• I love Dave Barry's zany novels and Carl Hiaasen's humorous nods to saving the environment, so when I found this book written a chapter apiece by famous Florida authors including this dynamic duo, I was excited. Ah, what a let down.Naked Came the Manatee begins with promising chaos and wacky characters, trademarks of Barry. I'm not sure who came up with the plot, but it seems to have his name written all over it. I only wish more of the book had actually been penned by him.The problem with havin [...]


  • this book is absolutely preposterous, and i mean that in the best way possible. this is the novel equivalent of the experiment we did in my 10th grade english class where everybody wrote one sentence of a story on a piece of paper and then passed it to the person next to them to continue the story -- except here you've got well-known florida authors writing full chapters. you can't read this book expecting it to be the slightest bit coherent or sensical. it's pure fun, so just go along for the r [...]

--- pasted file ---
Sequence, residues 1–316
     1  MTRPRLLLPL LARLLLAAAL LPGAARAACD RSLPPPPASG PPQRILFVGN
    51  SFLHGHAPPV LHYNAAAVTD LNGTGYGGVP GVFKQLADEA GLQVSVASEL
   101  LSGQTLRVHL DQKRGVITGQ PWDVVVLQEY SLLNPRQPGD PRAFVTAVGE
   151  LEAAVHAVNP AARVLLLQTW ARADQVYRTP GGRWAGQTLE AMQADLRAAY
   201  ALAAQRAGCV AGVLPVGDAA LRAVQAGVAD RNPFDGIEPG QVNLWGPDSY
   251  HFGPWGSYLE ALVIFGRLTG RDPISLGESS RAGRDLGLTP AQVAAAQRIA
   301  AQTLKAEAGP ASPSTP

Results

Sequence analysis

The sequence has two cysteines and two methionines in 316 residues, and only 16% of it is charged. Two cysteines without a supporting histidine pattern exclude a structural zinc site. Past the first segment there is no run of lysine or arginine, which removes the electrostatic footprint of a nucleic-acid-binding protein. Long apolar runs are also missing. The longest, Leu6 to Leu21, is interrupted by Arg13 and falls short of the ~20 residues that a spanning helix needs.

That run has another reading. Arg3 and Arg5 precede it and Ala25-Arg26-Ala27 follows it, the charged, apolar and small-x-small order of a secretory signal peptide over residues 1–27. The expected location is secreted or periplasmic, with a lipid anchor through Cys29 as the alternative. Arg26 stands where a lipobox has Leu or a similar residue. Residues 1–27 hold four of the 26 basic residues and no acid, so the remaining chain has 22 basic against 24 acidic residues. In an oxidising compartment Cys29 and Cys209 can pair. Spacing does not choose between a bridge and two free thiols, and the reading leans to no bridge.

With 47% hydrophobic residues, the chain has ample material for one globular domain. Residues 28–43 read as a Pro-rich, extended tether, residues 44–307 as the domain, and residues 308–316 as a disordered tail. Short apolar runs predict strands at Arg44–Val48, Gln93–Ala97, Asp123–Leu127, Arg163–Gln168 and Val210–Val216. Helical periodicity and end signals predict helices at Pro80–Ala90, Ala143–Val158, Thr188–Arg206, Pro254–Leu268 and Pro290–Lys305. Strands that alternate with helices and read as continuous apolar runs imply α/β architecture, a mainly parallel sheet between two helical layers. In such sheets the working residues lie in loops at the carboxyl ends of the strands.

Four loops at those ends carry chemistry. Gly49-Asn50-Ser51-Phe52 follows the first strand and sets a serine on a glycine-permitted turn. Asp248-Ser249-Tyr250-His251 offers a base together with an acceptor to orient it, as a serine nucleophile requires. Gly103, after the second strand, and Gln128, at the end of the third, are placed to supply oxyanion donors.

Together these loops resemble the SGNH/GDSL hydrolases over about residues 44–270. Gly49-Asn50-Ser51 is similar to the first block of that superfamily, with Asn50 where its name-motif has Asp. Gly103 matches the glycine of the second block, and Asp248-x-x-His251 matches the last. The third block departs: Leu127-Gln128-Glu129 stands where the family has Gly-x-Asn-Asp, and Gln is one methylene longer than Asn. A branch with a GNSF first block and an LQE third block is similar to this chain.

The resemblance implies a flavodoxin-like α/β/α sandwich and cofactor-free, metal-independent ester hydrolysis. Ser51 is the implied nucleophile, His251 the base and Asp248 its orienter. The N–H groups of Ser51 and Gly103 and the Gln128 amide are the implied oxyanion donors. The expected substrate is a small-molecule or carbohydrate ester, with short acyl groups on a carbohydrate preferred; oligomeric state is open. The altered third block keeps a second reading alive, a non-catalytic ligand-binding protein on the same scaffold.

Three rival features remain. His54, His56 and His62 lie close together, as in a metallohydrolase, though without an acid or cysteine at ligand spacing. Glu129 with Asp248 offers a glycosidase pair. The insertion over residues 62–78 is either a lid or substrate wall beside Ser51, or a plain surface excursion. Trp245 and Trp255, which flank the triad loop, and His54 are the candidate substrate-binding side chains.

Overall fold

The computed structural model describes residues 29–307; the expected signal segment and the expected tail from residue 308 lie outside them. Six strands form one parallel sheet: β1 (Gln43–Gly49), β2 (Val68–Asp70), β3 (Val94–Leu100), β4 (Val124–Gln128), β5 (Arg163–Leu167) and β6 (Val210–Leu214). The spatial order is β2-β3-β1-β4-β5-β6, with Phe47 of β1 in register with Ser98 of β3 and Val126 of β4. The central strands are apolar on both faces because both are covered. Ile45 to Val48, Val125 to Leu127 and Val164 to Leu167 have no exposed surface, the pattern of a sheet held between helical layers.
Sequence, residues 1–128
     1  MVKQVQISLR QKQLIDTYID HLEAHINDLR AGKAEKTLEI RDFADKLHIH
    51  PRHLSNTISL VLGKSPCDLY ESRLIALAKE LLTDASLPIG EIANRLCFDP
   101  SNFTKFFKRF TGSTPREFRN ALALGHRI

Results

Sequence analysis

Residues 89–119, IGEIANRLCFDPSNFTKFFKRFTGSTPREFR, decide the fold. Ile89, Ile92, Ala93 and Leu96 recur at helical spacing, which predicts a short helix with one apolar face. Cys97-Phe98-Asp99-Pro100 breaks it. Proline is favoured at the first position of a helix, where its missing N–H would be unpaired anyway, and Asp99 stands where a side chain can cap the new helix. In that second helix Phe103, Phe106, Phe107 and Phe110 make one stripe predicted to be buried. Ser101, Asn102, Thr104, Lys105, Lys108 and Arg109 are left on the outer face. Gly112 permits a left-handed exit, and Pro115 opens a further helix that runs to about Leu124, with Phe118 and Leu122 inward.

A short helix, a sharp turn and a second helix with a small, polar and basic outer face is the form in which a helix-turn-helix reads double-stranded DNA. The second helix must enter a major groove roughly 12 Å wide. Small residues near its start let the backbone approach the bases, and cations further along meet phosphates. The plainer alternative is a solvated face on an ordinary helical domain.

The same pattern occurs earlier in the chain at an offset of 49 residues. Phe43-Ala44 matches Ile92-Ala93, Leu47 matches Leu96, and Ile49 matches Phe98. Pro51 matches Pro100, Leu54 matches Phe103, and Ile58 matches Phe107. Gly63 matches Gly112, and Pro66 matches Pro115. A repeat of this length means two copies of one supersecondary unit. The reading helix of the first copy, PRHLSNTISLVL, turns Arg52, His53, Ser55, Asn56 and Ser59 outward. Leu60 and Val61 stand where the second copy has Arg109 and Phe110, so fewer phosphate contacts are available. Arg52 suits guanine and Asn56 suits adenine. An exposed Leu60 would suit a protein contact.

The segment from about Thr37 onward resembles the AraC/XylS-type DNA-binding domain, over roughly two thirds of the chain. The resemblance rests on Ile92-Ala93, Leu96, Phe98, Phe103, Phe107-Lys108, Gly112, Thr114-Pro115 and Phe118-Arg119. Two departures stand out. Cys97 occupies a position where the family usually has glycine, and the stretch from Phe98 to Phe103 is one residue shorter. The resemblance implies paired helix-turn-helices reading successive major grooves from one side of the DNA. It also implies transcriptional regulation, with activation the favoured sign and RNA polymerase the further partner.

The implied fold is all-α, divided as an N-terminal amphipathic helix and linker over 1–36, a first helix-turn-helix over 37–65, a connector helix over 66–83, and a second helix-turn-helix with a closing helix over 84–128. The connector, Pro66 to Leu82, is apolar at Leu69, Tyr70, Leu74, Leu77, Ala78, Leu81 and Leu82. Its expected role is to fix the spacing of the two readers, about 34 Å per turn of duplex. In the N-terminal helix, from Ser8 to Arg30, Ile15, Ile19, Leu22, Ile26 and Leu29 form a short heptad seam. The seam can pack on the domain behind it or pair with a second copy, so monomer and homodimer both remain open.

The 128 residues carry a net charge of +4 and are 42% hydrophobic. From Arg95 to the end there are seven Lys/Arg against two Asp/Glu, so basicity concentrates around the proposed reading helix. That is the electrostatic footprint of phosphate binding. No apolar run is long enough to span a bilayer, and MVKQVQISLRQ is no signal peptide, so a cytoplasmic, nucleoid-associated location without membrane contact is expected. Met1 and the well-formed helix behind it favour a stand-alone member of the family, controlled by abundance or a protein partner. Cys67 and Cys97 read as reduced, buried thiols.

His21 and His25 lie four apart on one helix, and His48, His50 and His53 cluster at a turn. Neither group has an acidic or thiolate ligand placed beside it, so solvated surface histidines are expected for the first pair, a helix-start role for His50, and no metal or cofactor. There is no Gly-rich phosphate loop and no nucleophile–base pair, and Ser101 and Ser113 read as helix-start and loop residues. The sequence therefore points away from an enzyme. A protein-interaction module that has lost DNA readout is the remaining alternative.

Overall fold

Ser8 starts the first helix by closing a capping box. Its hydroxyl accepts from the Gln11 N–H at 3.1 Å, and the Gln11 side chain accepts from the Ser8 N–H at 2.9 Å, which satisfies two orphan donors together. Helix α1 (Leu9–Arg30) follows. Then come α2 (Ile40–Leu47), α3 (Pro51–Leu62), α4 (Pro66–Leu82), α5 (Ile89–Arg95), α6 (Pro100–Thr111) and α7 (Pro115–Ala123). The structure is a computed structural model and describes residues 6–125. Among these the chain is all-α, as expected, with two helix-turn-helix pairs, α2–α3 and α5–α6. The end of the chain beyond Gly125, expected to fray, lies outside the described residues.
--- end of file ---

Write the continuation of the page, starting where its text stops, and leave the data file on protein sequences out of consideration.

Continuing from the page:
• In case you didn't know, this book is actually written by several Florida authors, each contributing a chapter and taking the story where they so choose. I believe it was originally published in a magazine, with each author submitting the next installment of the story. The first is Dave Barry and the final is Carl Hiaasen with several other prime examples of Floridian writing genius in between. This book covers the bases when it comes to Florida humor, taking place in Miami, we have nature lover [...]


  • This is a strange and very unique story comprised of thirteen serial chapters, each written by a famous Florida writer. The tale is absurd, shocking, and wickedly funny. It takes pot shots at tourists, politicians, developers, gangsters and even Floridians and Cubans. I love reading Carl Hiaasen and Dave Barry's books, so I was excited to see them work together. It seems the only one missing from the group hug was Tim Dorsey.It's a very fast read and is highly entertaining. There are too many ch [...]